A scene from SnowtownIt doesn’t say “based on a true story” in the opening credits, but mention Snowtown to anyone in Australia and they’ll know to what you’re referring: the “Bodies in Barrels” murders. In 1999, four men were charged in the murders of 11 people over a seven-year period. Most of the bodies were hidden in barrels in an old bank building and two were buried in a backyard.

Pedophilia is an alarming problem in the suburban neighbourhood outside of Snowtown, and it appears Jamie (Lucas Pittaway) has spent much of his life as its victim. When it’s brought to light a friendly neighbour is being too friendly with Elizabeth’s boys, the community is outraged but powerless. Then John Bunting (Daniel Henshall) appears, vowing to rid the area of negative influences – only no one realizes how literal he’s being. John embeds himself in Elizabeth’s family, becoming their hero and enveloping Jamie in his web of violence and murder.

Henshall is surprisingly the only professional actor in the film; the remainder of the characters were casted in and around the real-life town, which is also director Justin Kurzel’s hometown. As a result, explained Kurzel, they really listened to the other people in the scene, providing fantastic reaction shots that illustrate the narrative’s tragedy and emotion. Still, much of the “acting” is done by Henshall, as he leads the majority of scenes in the desired direction, while the others respond quite naturally. Notably, while most of the other performers flit in and out of scenes, Pittaway is outstanding in his extensive co-star role. He doesn’t say a lot, but his expressions are incredibly sincere, providing an outlet for the empathy emanating from the audience.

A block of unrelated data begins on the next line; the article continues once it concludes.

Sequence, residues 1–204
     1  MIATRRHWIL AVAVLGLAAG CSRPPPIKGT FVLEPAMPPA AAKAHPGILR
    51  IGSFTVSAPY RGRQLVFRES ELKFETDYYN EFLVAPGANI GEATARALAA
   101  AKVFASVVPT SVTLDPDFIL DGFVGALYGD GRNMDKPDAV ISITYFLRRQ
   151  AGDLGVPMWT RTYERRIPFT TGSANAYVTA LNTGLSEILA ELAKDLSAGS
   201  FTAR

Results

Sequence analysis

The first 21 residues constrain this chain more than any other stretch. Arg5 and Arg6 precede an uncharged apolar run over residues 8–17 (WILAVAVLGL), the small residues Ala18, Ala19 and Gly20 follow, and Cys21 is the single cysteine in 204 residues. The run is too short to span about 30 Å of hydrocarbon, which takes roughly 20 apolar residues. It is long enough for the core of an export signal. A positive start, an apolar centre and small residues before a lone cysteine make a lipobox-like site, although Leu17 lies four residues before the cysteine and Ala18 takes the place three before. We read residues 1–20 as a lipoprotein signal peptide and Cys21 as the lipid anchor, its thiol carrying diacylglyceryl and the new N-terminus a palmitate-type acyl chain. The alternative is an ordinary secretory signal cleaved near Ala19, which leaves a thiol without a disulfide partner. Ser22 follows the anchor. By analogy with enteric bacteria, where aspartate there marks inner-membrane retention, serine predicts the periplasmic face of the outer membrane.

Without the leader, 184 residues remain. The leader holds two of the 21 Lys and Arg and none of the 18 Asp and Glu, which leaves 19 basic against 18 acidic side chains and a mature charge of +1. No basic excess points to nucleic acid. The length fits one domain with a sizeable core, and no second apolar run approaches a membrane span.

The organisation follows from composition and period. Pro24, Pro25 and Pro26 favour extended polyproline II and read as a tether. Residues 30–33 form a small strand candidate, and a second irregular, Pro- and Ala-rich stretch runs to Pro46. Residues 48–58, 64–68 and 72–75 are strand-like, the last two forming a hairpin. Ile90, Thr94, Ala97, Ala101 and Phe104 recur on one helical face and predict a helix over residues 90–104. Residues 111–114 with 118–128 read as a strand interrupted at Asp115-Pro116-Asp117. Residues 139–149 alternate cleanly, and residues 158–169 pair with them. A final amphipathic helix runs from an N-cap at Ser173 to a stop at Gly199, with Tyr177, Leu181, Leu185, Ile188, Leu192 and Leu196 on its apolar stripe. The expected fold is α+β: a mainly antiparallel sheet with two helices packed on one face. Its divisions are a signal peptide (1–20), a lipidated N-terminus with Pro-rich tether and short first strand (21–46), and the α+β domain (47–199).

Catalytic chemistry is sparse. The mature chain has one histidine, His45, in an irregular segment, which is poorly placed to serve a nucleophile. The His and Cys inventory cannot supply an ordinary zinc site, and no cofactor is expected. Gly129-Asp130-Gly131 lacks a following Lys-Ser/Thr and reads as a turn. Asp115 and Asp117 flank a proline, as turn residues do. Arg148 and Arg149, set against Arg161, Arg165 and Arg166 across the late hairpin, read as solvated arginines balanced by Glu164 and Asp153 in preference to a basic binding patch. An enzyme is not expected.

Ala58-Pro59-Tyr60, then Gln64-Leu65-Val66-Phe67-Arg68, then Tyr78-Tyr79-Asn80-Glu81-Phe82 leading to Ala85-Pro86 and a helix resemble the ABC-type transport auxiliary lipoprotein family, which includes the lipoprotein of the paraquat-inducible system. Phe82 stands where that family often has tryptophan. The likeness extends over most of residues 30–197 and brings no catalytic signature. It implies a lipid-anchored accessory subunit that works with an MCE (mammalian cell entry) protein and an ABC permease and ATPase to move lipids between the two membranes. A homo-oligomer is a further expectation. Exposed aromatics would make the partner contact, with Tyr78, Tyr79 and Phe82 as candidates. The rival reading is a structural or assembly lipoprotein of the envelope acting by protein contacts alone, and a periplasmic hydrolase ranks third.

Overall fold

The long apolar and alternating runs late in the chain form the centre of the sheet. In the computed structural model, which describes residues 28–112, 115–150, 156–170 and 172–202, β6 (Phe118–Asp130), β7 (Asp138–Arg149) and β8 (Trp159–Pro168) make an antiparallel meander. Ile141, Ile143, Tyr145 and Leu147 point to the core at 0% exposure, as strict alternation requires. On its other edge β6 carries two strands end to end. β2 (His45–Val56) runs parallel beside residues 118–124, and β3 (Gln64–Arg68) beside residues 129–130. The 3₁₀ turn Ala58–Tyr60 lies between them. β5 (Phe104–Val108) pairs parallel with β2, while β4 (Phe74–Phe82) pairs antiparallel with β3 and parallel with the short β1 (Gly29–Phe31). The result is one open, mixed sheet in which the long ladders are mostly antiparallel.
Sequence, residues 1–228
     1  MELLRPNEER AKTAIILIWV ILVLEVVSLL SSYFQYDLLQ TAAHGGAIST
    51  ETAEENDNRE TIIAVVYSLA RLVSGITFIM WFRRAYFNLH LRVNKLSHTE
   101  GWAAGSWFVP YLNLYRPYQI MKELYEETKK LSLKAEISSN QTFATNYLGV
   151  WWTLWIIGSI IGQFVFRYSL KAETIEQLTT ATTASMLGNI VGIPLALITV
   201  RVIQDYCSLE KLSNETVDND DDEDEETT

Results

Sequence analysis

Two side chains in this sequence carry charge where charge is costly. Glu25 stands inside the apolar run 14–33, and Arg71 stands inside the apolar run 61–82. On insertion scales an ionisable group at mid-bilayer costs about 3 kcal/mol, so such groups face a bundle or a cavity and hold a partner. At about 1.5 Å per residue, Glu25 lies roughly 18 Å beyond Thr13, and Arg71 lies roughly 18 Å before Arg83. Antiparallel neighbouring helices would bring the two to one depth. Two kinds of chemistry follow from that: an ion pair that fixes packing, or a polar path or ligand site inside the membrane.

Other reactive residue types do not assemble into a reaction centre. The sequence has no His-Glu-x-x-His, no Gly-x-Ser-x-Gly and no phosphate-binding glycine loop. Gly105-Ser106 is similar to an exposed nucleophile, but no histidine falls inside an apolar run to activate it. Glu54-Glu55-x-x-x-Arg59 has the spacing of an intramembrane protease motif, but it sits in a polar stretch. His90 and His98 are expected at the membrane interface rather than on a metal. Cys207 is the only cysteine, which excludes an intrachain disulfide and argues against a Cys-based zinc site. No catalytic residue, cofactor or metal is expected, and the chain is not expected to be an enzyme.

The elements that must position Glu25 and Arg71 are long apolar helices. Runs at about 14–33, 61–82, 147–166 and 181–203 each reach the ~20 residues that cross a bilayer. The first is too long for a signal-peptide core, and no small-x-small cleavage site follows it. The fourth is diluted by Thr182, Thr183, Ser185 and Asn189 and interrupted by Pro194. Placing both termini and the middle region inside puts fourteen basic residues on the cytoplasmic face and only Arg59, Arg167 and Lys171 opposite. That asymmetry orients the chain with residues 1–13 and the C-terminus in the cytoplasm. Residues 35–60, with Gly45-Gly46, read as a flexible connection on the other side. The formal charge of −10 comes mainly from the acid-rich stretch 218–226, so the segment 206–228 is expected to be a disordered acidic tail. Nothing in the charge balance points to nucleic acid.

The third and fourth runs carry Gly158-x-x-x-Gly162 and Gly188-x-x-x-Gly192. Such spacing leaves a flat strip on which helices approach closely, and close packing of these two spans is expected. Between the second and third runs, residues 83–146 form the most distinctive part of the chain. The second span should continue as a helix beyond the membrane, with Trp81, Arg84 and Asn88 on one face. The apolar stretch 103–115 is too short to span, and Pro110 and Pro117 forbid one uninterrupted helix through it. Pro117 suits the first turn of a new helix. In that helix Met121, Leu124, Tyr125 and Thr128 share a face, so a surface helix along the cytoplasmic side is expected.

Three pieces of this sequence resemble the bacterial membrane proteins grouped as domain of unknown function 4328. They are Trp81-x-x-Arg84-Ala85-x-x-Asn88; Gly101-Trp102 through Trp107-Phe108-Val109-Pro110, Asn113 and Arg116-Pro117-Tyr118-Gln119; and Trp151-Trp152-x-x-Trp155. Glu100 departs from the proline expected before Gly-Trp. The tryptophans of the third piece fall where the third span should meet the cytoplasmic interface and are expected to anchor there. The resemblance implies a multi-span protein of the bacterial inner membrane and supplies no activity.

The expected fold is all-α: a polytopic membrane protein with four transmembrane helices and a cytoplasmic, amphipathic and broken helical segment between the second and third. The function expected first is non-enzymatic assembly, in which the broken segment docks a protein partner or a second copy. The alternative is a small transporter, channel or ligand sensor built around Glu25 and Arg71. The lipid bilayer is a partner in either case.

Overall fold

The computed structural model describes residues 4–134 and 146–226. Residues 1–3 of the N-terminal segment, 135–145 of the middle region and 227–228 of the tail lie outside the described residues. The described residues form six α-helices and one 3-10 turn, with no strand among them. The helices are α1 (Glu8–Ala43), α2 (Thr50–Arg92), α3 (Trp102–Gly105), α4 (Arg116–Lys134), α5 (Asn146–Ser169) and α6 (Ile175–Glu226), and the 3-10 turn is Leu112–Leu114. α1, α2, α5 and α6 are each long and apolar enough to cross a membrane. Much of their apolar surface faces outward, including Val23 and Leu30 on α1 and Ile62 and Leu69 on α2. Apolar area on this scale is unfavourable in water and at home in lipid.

In addition to wonderful long takes, the image is grainy, creating a fittingly stark look that matches the bleakness of the story. The corruption of Jamie and his younger brothers begins slowly as John tutors the boys in harassing their molester until he moves out of their neighbourhood. But he takes a special interest in Jamie, possibly identifying a boy that can be easily manipulated, recognizing his complacency to more than one abuser. John is precisely the type of predator he supposedly wants Jamie to be able to protect himself from – his mode of gratification is simply different. The other unusual component of this crime is it was committed by a group of four serial killers rather than just one.

The narrative is incredibly intimate and visceral. When Jamie is forced to participate in his first murder, the camera squeezes the viewer into the tiny torture room to watch the killers’ and victim’s faces. Though the film glosses over the timeline and doesn’t clearly investigate each murder, it does thoroughly explore the dynamics of how a psychopath like John could accomplish what he did in this town.

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